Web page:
Recently ordained Fr John Waters reflects on his first Holy Week as a priest - amidst a pandemic.

Last year Holy week culminated, for me, by serving as Deacon for Pope Francis during Easter Sunday Mass in St Peters Square.

My first task was to sing the “Annuncio Pasquale”, in front of thousands of people in the square before me and the street behind, my last was to sing the dismissal at the end of Mass. An experience I shall never forget.

I knew that returning to the Archdiocese for Holy Week this year would be a marked contrast but it was one which I was looking forward to.

“If you want to make God laugh, tell him your plans!”

I had volunteered my services to the Vicar General to supply in any parish which, for whatever reason, could not have a priest present for Holy Week this year.

The chance to serve a community, with whom I could have a personal and pastoral relationship, was an exciting prospect, compared to being a distant figure on the horizon or a big screen.

Kai the labrador 

"If you want to make God laugh, tell him your plans!" So goes the old clerical saying. So this year, with the country under lockdown, I spent Holy week in the sole company of Fr Tom Farrell, parish priest of Christ the King, Coventry, where I am based when not finishing studies in Rome and, of course, with Fr Tom’s Labrador, Kai.

Staring out at our empty church and preaching down a webcam is something that I haven’t completely gotten used to.

While parishioners, family and friends have been great at keeping in touch and making sure that everyone’s being looked after, it’s in the Mass where you really do feel the effects of the lockdown, especially in a church that’s normally as busy as Christ the King.

Fr Tom and I split the duties between us, he would be celebrant on Maundy Thursday and for the Easter Vigil, I would celebrate for Good Friday and Easter Sunday.

The major danger to watch out for was celebrating on some sort of autopilot. Having a congregation around me helps keep me focused and, strangely, makes it a little easier for me to pray the Mass. I’m certain that’s a major reason why God called me to Diocesan priesthood rather than religious life.

Without our congregation being physically present, but viewing digitally instead, I had to be aware of the risk of rattling through prayers without being as present as I ought to be.

Mercifully, we’ve had countless emails, cards and letters from people all over the country who’ve turned in to our services and told us how grateful they are for what we’ve been doing.

Fr Tom has served in parishes all over the Archdiocese and many former parishioners have tuned in to see him again. Friends of mine in Rome have joined us, the hour’s time difference making our Mass a convenient one to tune in to while their young children take a nap.

The prize for the longest distance streaming however, goes to my friends in Singapore, who join us for our Morning Mass at 8:30pm, Singapore time! My 6 year old god-daughter is allowed to stay up late in order to see Uncle John in his church.

There were just two positives to such a radically different Holy Week. The first was arriving at Easter Sunday without already being exhausted.

Holy week in the English College is always a bit of a marathon. If you’re not looking after all of the guests who come to college church for the liturgies, then you’ll end up being roped in to serve, sing, read, prepare the sacristy, serve refreshments afterwards and just generally be useful.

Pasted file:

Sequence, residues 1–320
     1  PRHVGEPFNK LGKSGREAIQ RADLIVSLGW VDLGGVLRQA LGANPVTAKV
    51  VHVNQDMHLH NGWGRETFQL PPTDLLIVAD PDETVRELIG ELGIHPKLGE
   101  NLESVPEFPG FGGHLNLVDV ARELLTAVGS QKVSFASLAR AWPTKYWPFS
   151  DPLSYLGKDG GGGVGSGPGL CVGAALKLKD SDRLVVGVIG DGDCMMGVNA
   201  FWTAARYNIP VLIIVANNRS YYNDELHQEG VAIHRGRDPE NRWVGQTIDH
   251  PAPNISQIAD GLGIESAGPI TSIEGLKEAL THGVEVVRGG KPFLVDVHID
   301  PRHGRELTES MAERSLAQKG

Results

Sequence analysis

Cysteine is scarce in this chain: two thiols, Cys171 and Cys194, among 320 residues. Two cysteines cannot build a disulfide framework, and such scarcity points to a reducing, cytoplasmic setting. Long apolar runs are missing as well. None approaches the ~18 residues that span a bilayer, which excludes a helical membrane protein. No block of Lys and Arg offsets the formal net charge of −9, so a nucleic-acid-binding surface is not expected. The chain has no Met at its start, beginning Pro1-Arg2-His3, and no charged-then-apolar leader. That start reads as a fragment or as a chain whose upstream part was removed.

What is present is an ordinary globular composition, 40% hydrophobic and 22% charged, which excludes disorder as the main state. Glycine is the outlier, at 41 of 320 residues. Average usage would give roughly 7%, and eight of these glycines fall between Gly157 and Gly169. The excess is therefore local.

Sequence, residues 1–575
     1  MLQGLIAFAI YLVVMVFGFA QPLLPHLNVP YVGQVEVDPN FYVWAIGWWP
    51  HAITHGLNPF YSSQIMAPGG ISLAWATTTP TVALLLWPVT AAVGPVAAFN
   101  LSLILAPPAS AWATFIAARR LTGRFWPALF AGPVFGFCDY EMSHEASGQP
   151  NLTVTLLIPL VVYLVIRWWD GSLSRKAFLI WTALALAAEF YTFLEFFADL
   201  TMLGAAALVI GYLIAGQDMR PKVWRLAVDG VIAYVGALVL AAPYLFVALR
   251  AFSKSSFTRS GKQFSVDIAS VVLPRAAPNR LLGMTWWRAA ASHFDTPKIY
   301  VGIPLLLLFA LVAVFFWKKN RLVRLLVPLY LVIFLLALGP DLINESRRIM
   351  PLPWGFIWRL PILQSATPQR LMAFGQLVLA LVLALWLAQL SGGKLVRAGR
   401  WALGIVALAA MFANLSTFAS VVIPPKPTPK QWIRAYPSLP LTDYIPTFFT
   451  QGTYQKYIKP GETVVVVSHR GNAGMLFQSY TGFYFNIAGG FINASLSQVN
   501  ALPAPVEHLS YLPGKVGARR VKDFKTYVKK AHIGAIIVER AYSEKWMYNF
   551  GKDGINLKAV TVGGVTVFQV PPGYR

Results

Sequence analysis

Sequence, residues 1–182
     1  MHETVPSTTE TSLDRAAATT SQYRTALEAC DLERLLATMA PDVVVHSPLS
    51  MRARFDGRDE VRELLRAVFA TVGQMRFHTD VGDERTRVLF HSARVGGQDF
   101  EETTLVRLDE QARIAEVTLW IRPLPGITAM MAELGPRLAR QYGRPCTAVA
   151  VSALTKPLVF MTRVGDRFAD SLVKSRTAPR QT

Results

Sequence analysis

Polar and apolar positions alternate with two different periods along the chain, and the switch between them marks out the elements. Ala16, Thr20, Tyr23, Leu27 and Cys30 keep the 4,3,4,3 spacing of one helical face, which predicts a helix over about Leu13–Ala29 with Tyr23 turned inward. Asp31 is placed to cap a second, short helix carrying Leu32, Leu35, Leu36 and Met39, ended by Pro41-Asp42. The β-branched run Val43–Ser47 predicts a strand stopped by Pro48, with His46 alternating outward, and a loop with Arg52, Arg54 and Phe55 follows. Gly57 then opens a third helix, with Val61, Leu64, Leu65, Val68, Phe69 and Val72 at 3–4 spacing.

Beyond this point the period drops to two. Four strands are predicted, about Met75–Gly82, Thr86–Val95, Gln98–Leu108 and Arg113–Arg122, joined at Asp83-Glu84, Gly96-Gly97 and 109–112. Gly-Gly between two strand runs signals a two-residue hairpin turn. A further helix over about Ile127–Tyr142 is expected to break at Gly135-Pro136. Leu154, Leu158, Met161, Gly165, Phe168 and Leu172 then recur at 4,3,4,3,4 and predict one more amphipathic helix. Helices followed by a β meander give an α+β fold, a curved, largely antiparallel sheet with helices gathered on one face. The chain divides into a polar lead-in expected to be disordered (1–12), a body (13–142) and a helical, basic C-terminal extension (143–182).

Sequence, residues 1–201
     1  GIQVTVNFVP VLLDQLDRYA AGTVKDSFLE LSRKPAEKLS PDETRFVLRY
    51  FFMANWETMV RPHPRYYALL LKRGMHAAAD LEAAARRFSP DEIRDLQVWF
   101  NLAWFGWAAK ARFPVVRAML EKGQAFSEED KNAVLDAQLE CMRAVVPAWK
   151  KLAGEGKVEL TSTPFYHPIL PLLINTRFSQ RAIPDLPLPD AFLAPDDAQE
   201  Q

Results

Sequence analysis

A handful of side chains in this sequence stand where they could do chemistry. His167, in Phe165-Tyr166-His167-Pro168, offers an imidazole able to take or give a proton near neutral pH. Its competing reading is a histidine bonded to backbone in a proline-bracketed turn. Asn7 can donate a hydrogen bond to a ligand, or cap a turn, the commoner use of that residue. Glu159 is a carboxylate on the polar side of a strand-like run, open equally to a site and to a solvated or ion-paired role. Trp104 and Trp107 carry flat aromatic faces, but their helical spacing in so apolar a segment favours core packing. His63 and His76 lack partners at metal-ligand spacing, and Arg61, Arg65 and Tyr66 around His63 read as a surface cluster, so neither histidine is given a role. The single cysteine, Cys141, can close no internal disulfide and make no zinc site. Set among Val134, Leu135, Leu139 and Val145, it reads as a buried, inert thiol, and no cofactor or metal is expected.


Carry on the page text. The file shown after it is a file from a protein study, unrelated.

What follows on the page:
And, being a seminary, we do everything possible in the liturgy, meaning that the Easter vigil lasts a minimum of 2 and a half hours! Contrast that with our locked down vigil, which took only 1 hour 15 minutes!

The second positive, is a little more selfish on my part. If I made a mess of the Exultet, there would only be Fr Tom to notice! Mercifully, I made it through the 10 minute long chant more or less unscathed.

We discovered just recently that 2,500 people have been joining our livestreamed daily Masses and an amazing 5,000 have joined us for Sunday Masses.

Keeping up with community outreach

On top of that, the parishioners have been brilliant at keeping up their outreach to the community and, where necessary, adapting that outreach. Our parish email lists and WhatsApp group help keep track of anyone who needs looking after, whether that’s getting in some shopping or just a phone call to check in on them.

Our parish club has utilised its kitchen, providing a ready meal service for people to pick up a meal a day to take home for their family.

Over 150 meals per day are presently collected or delivered by volunteers. And our youth group has begun experimenting with group meetings online via Zoom. The parishioners are still organising foodbank deliveries and collections, while another group is involved with providing food each day for the homeless in Coventry.

Families have told us how much they appreciate tuning to our 7pm Rosary before sitting down to dinner. Who would have thought that lockdown could be a catalyst to increased family prayers.

While it’s been far from the Holy Week that I’d expected, the opportunity to be part of a Catholic community which is this dedicated to practicing what it preaches. It’s heart-warming to be at the service of the sort of people who are themselves so dedicated to serving those around them.

Fr John Waters

Fr John Waters is a priest of the Archdiocese of Birmingham, ordained in July 2019.

Having returned from the English College in Rome due to the Covid 19 prevention measures, he is based at Christ the King, Coventry, whilst attempting to complete his Licence in Canon Law via online classes.

Chaplaincy at Nightingale Birmingham

Fr John spoke to Vatican Radio about chaplaincy and arrangements at Nightingale Birmingham.

Listen to Fr John's Interview